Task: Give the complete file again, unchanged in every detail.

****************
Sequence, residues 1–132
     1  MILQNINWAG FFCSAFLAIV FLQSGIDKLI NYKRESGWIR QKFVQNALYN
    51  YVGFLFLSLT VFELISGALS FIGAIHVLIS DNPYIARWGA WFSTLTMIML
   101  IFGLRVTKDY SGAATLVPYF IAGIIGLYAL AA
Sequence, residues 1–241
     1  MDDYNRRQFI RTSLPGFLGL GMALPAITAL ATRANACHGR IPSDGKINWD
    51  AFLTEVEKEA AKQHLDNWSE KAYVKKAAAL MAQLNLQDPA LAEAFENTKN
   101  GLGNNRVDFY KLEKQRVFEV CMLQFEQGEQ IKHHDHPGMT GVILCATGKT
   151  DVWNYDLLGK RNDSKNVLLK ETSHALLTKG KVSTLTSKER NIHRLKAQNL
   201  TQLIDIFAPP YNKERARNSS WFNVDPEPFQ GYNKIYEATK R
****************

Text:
Sequence, residues 1–132
     1  MILQNINWAG FFCSAFLAIV FLQSGIDKLI NYKRESGWIR QKFVQNALYN
    51  YVGFLFLSLT VFELISGALS FIGAIHVLIS DNPYIARWGA WFSTLTMIML
   101  IFGLRVTKDY SGAATLVPYF IAGIIGLYAL AA
Sequence, residues 1–241
     1  MDDYNRRQFI RTSLPGFLGL GMALPAITAL ATRANACHGR IPSDGKINWD
    51  AFLTEVEKEA AKQHLDNWSE KAYVKKAAAL MAQLNLQDPA LAEAFENTKN
   101  GLGNNRVDFY KLEKQRVFEV CMLQFEQGEQ IKHHDHPGMT GVILCATGKT
   151  DVWNYDLLGK RNDSKNVLLK ETSHALLTKG KVSTLTSKER NIHRLKAQNL
   201  TQLIDIFAPP YNKERARNSS WFNVDPEPFQ GYNKIYEATK R